Sunday, June 5, 2011

X-Men may not be First Class, but it's pretty darned close

If you've been reading CineCritical for even a short time, you'll have picked up that I am a fan of comic books.  And no comic book has managed to capture my imagination more than the X-Men.  When I was a child, it was the dynamic names, cool powers and bright costumes that caught my attention.  Now that I'm an adult, it is the examination of human nature and the political interplay between two powerhouse characters that I find most intriguing.  And that progression seems to be the path that the franchise itself has taken.

When we first met the X-men on the big screen they were the flashy, big-action team that we were expecting; less the colourful costumes.  And that franchise, the original on the big screen, enjoyed tremendous success.  Though the costumes of old never did materialize, the original trilogy did enjoy the dynamic names/cool powers combination that I so loved as a child.  And by the end, to its detriment.  By the third film each scene had a new mutant, complete with new powers and name.

In the reboot we do have an overabundance of mutants as well but with a central story that is grounded (as in the first of the original trilogy) in the unlikely and difficult friendship of the two most powerful men at the party.  It is the relationship between Charles Xavier (James MacAvoy) and Erik Lensherr (Michael Fassbender) that anchors the film.  The basic plot is smart and simple enough to give rise to solid character work, and it is the development of the relationship between MacAvoy and Fassbender and their respective performances that really wowed me.  Not that it's the best acting I've seen from either, most certainly not, but their talent and effort allowed me to comfortably suspend my disbelief.  What's more, it provides lots of material for examining the underlying themes which so propel my mind when reading the source material.

I've read reviews that complained of the many locations visited during the film, saying that it was jarring but I don't believe that is actually a problem here. That said, it's far from a perfect film.  Although Kevin Bacon works hard and is very effective as a lead villain, his character never seems to have any particular motivation other than being a baddie.  And the wooden performance of January Jones as Emma Frost is downright snooze inducing.  But neither of these things is enough to take away from the feeling of exhilaration I had from the conclusion of this film.

Ultimately the film is well crafted and generally enjoyable.  There are one or two things I could have done without but I left the theatre pleasantly surprised by how much I enjoyed it.  Bonus: Vaughan has included some very well crafted nods to the fans.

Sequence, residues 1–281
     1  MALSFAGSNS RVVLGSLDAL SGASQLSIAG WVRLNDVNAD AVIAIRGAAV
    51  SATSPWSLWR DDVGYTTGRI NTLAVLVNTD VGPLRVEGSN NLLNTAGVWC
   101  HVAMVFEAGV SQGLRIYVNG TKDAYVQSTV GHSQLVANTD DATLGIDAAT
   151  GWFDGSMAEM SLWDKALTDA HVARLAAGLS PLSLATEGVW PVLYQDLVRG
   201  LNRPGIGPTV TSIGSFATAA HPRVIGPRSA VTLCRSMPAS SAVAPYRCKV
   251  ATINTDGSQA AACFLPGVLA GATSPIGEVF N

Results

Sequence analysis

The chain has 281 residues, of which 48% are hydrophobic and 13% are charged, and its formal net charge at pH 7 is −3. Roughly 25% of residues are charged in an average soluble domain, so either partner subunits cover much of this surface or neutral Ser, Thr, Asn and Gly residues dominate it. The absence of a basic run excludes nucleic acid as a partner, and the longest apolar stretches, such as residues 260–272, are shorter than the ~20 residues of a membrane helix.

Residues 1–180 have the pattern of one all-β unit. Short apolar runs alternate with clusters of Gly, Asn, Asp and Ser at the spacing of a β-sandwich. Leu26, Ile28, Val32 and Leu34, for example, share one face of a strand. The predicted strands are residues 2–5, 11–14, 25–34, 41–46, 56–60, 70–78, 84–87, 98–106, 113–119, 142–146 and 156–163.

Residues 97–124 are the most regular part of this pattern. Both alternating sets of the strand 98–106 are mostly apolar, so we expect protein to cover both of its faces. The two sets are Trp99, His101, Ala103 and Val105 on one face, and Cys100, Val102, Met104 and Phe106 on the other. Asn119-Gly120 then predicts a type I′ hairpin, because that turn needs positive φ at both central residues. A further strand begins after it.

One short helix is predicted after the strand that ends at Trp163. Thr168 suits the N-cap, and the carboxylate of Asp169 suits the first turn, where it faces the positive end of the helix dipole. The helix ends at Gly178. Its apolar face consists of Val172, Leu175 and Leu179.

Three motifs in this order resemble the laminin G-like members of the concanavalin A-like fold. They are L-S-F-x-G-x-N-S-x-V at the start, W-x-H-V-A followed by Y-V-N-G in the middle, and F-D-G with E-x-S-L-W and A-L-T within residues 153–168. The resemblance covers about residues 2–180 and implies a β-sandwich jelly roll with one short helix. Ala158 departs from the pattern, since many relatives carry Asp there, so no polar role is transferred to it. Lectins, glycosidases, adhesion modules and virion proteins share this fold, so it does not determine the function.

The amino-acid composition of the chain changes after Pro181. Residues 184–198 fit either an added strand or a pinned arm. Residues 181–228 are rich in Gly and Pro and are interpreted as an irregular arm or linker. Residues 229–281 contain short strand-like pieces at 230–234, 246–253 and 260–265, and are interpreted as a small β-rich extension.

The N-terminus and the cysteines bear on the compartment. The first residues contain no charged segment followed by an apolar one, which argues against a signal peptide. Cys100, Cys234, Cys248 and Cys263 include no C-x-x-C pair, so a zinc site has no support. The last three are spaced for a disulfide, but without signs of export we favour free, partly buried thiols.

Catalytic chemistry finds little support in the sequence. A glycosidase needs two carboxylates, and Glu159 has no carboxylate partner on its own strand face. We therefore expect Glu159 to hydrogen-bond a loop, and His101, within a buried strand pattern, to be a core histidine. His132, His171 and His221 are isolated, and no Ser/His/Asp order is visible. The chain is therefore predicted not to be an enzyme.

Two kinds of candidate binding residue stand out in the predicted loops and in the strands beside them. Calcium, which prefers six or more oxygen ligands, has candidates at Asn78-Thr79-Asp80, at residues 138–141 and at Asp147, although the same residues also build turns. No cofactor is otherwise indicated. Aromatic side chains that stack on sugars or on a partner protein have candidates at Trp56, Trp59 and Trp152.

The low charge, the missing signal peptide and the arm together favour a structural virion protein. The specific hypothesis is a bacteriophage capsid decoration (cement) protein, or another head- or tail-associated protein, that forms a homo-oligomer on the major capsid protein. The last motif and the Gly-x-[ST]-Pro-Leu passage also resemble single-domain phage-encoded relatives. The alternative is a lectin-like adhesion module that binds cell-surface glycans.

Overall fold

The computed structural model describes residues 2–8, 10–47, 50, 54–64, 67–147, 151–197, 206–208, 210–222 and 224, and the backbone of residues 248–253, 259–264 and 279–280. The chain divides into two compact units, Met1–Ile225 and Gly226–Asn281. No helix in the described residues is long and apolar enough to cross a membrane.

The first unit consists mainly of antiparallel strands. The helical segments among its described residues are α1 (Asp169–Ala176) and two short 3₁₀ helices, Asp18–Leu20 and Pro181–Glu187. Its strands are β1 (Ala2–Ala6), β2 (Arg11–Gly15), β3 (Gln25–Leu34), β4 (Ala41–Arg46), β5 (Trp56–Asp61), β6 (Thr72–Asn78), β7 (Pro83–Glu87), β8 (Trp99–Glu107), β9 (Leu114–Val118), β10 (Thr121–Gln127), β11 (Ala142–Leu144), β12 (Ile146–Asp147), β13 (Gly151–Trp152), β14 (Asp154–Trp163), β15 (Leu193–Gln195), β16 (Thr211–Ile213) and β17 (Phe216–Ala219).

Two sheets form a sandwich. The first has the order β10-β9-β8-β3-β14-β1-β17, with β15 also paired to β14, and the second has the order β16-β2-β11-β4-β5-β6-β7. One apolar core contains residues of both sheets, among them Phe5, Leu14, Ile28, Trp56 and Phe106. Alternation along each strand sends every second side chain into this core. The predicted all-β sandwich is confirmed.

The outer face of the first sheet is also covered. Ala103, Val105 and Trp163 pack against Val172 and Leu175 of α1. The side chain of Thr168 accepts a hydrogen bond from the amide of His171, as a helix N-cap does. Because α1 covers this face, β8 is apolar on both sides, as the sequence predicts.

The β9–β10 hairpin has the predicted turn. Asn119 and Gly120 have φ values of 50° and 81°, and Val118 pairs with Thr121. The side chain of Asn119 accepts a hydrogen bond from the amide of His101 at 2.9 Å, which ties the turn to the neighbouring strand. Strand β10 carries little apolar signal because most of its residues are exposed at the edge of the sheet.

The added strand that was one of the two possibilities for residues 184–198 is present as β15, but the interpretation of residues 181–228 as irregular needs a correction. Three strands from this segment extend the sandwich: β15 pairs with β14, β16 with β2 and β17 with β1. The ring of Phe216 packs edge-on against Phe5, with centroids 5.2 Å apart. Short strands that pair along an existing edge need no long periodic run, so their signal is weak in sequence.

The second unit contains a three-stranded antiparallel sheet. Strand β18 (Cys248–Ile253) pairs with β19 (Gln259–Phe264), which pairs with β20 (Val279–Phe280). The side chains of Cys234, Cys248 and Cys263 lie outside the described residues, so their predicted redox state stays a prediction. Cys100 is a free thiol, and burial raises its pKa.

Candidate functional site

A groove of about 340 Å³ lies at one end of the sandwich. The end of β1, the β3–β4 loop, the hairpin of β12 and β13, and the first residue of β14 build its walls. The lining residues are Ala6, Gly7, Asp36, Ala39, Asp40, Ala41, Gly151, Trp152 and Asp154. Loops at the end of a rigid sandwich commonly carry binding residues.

My rating: 3 out of 4


  1. A few things:

    1. I really liked how the new movie looked at different locations in the world. X-Men has always thrived when it has been topical and historical. There is something about the story of mutants that connects with a wide audience.

    2. Loved the cameos in the movie! The brief Hugh Jackman appearance was great, but I was in love with that shot of Rebecca Romijn's Mystique.

    3. I am a fan of January Jones, mostly because I love Betty Draper. I don't think she was great as Emma Frost, but I liked how her cold demeanor reflected her character.

    4. I don't know if the acting was all that great. I think James McAvoy was overacting, and I was a little disappointed by Jennifer Lawrence.

    5. You've read the comics, I haven't. A lot of the mutants I had never heard of, but I thought Angel was lame.

    6. I still missed Jean Grey!

  2. I too was a little disappointed in Jennifer Lawrence's performance but I thought overall the acting wasn't terrible. Perhaps my enjoyment of MacAvoy was not entirely unbiased...

    As to your question about Angel: she's not even vaguely original, first appearing in a spinoff title "New X-Men" in 2001. I think they probably just picked someone at random that Zoë Kravitz looked like.

    For the record, the original X-Team from the comics (not that this franchise has ever worried about sticking to the comics, nor should they as this is a re-imagining and should be a little different) was:

    -Jean Grey (then called Marvel Girl)
    -Warren Worthington (The Angel)
    -Scott Summers (Cyclops)
    -Bobby Drake (Iceman)
    -Hank McCoy (The Beast).

    All of whom appeared in the original trilogy (albeit with their ages and back stories a little re-jigged). All that aside, it really doesn't matter what happened in the original comics because most of the characters have been around long enough that they have the most convoluted life stories ever and the whole point of a new medium is to examine a new thing, hence new back stories.

    If you're at all interested, some tidbits from the characters we did get which are sometimes funny to me in the context of the films:

    1. Alex Summers is Scott Summers' (Cyclops a.k.a. James Marsden) LITTLE brother. So yeah, there's that.

    2. Nightcrawler (Alan Cumming) is the child of Azazel and Mystique. Mystique having given birth to Nightcrawler would have made their flirtation in X2 a little awkward had that storyline been carried over to the films.

    3. Moira MacTaggert's comic alter ego was always a Scottish geneticist and a leader in her field. She and Charles met while they were studying at Oxford, were briefly engaged and had a child together.

    4. Banshee was also a lover of Moira's, meeting her during his time with Charles and the X-Men and eventually running a sister facility to Xavier's school with her from a castle in Ireland. Hogwarts the first anyone?

    There's a lot more but I'll stop there as I'm sure you're all capable of using Wikipedia.